I practice yoga since 2010, and I like it so much I decided to write a post on the subject. I hope this will inspire you to take care of yourselves!
My first Bikram yoga class
When I try explaining the importance of yoga in my life to friends, it is sometimes difficult to find the right words. Although I constantly tell them that yoga isn’t only a series of complex poses and is not only about the physical body, I have rarely provided concrete examples to illustrate my point. Because I recently experienced an unusual moment of clarity while practising yoga, I thought it would be a great idea to share my experience in a blog post.
I had stopped taking yoga classes for about a year. Suddenly, I decided to try Bikram Yoga. Though I had already taken hot yoga classes, I had never taken Bikram lessons.
The class started. I was roasting. I breathed as best I could. I was so thirsty that I feared I would pass out. I began to wonder why on earth I came here. Aside from the excessive heat, all started well for the first set of postures. But suddenly, everything took a turn for the worst.
We were asked to do postures that I had never mastered and rarely tried in my Hatha Yoga classes. I felt awkward by the middle of the class. What’s worse, I realized that my excess weight reduced my flexibility significantly; my thighs were huge, my ankles, too weak, and my balance nonexistent. I raised my eyes and I saw slender women wearing bikinis. Each seemed to master the postures.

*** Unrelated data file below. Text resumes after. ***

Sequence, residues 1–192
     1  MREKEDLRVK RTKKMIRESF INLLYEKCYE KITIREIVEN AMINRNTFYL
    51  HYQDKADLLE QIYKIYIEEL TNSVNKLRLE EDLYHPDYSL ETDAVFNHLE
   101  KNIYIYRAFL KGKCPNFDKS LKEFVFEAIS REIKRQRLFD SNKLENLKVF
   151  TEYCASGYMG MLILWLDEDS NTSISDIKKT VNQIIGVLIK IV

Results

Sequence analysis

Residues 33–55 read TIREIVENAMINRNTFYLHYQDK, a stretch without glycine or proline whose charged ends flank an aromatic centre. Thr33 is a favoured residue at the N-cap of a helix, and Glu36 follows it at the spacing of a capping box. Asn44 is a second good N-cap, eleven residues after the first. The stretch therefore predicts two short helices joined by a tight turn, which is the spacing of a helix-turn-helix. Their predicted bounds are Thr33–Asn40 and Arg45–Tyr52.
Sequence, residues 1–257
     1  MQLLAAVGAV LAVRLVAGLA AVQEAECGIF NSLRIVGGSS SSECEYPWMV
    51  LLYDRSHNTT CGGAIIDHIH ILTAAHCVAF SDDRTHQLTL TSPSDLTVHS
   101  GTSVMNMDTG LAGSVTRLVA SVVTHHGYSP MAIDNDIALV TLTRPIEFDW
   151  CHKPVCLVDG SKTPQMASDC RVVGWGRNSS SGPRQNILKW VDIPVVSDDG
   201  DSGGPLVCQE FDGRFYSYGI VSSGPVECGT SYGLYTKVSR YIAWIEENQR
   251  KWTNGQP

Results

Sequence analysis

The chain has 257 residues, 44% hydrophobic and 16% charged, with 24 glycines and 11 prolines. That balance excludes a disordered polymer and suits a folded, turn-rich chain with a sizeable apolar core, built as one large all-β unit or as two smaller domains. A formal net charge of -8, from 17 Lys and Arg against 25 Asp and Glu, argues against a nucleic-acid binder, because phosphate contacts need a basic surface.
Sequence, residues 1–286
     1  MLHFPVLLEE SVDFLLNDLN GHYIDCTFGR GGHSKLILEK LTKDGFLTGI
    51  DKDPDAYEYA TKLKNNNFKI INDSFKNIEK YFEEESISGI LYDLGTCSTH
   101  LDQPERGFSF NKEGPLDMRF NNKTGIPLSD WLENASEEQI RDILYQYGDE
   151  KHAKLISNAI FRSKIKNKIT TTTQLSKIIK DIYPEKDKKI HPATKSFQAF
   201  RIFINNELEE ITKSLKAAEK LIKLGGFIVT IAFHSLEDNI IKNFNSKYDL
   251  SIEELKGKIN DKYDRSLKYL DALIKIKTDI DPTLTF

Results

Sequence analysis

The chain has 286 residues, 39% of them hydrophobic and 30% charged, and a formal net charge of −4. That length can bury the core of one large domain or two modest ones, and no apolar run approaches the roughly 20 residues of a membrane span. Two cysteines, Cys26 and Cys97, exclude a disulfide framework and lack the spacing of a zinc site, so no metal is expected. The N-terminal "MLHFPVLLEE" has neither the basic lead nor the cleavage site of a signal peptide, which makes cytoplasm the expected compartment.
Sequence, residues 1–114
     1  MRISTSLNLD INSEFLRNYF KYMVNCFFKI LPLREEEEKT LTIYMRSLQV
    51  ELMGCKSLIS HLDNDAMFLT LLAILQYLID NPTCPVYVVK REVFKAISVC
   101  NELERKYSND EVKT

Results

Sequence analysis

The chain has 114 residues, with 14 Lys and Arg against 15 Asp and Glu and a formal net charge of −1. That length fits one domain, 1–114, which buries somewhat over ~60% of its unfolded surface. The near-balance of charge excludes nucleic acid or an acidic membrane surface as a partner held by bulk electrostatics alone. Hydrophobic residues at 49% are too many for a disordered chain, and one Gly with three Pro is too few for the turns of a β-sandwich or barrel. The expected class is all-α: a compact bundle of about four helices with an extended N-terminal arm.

I suddenly remembered why I had stopped practising yoga: it made me feel fat and ugly. Incompetent. Inferior. I wondered what was wrong with me and why I wanted to endure this hell all over again.
I lied down on my belly to follow the group. I made faces because this posture is uncomfortable when you have breasts like mine. I then wondered if I was showing too much cleavage. Just when I told myself I was done with yoga, I lifted my head, arms, and legs, and I saw one of the most beautiful images I have ever seen in my life.
Two locks of my hair formed a perfect heart on my mat, just a few centimeters from my nose. My mouth dropped wide open when I was faced with this sign. It was surely not a coincidence.
I suddenly remembered why I had come. I learned that you do not reach a state of tranquility by comparing yourself to others. You will not make progress if you feel guilty about your weaknesses. You will not find happiness if your aim is to have an athlete’s body immediately and at all costs. You don’t need other people to encourage you to be proud of who you are. Despite your physical shortcomings, you can love and accept yourself for who you are.
I breathed deeply and felt overcome by a huge wave of love for myself. I wept with joy during my final Savasana.
This is what yoga means to me. I can connect with and learn to accept myself as I persevere to improve my skills one step at a time. I ultimately understood that I have a right to be proud of myself even though I’m not perfect. From now on, this is the attitude I will take on when I return to my Bikram Yoga classes. I don’t need to be judgemental and rude to myself. I promise to be patient and kind with myself. Most importantly, I will keep my head high. I can be proud of who I am.
Translator, copywriter, and yogini
This post was first published on My Virtual Yoga blog under Waht yoga means to me on February 4th, 2014.